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Folic acid

folic acid

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The benefits of taking folic acid during pregnancy.

In recent years the incidents of NTD’s (Neural Tube Defects) have dropped thanks to better public awareness of the condition, this has been helped due to screenings and recommendations on taking folic acid during pregnancy.

The defects include Spina Bifida and Anencephaly, this is where the brain doesn’t form properly or is partially missing. Children that do survive are often left paralysed for life. NTD’s are hugely preventable if pregnant women take folic acid before and during their pregnancy.

Sadly not all women are getting the message because a staggering 44% of women admitted to not taking a single folic acid supplement in the first 3 months prior to falling pregnant.

What is folic acid? – It is also known as folate, which is a vitamin B, it aids in cell production and division including the production of the red blood cells. It can be found in foods such as grain products and fortified cereals.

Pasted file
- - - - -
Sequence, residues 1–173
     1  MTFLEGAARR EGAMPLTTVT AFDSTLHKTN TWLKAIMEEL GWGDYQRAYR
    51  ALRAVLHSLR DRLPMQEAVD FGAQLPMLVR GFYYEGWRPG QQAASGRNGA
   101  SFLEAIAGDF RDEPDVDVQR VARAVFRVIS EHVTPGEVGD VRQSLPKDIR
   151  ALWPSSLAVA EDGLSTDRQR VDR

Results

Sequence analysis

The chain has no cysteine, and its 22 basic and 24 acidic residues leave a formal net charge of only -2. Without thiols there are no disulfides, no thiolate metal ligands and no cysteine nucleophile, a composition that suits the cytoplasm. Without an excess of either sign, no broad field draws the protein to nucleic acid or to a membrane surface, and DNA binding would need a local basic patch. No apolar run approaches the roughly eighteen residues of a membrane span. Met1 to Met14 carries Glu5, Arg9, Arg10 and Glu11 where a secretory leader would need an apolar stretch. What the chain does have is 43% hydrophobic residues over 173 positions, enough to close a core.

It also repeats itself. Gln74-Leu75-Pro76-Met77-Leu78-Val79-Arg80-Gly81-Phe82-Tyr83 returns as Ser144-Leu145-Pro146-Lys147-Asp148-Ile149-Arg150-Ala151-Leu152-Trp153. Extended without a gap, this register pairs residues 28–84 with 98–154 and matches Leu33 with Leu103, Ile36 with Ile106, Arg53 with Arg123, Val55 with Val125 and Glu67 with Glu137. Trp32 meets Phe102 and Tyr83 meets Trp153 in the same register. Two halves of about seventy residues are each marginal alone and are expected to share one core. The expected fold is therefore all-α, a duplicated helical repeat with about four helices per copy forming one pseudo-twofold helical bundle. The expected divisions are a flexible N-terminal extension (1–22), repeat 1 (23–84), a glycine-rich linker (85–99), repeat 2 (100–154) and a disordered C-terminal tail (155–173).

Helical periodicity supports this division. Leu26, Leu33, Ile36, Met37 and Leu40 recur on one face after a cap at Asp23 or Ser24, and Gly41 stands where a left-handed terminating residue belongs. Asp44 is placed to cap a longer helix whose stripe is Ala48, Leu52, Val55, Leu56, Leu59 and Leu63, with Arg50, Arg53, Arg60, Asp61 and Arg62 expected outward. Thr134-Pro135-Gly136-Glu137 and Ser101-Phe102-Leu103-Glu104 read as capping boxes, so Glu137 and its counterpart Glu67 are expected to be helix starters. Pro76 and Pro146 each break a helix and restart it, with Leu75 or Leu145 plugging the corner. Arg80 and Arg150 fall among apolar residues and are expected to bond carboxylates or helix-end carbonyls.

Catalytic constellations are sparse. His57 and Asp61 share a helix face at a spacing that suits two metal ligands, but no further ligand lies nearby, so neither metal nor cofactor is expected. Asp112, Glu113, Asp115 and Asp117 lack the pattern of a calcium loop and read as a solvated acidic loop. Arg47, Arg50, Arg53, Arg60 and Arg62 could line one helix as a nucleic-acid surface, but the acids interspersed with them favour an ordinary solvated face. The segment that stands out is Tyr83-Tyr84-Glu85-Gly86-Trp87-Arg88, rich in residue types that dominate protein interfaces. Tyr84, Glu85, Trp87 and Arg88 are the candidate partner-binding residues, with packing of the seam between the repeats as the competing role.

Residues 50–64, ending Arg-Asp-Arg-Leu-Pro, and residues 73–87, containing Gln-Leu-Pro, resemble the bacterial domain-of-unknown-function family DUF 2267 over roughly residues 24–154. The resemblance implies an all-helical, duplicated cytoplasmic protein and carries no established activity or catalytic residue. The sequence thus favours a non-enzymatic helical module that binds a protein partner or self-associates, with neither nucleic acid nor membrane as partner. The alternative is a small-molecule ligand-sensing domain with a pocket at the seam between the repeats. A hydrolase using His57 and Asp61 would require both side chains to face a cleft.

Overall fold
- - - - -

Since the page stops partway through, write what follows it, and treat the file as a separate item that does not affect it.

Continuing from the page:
What are the benefits?

According to the NHS, folic acid plays an important role in the development of a healthy foetus and significantly reduces the risk of NTD’s such as Spina Bifida. Without the presence of folic acid the neural tube may not close properly which causes Spina Bifida, this is when fluid passes through and fills the spine.

Research shows that taking folic acid prior to falling pregnant and during the pregnancy may also protect against other birth defects such as:

  1. Cleft lip and palate. Women who took at least 400mcg (micrograms) of folic acid a day and ate healthily were at lower risk of carrying a child with cleft lip or palate.
  2. Premature birth a US study found that women who took folic acid a year before becoming pregnant halved their chances of having a premature baby.
  3. Folic acid not only protects your baby in the womb but it can help keep your heart health.
folic acid

Back in 2010 it was released that folic acid would be the treatment for:

  1. Anaemia – this is because of a lack of folic acid in adults and children
  2. Anaemia from damaged red blood cells (known as sickle cell anaemia)
  3. Anaemia in pregnancy
  4. Anaemia because of alcoholism
  5. Anaemia as a side effect to medicines
  6. Coeliac disease – intolerance to gluten in the diet

When should you start taking folic acid?

It is vital to have folic acid in your system before falling pregnant because the defects occur in the first few weeks of pregnancy, sometime before you even realise you’re pregnant.

Foods that are naturally high in folic acid –

  1. Asparagus
  2. Bananas
  3. Peas
  4. Dried beans
  5. Oranges or orange juice
  6. Peanuts and other nuts
  7. Broccoli and other leafy greens

Folic acid is safe, non-toxic and vital.



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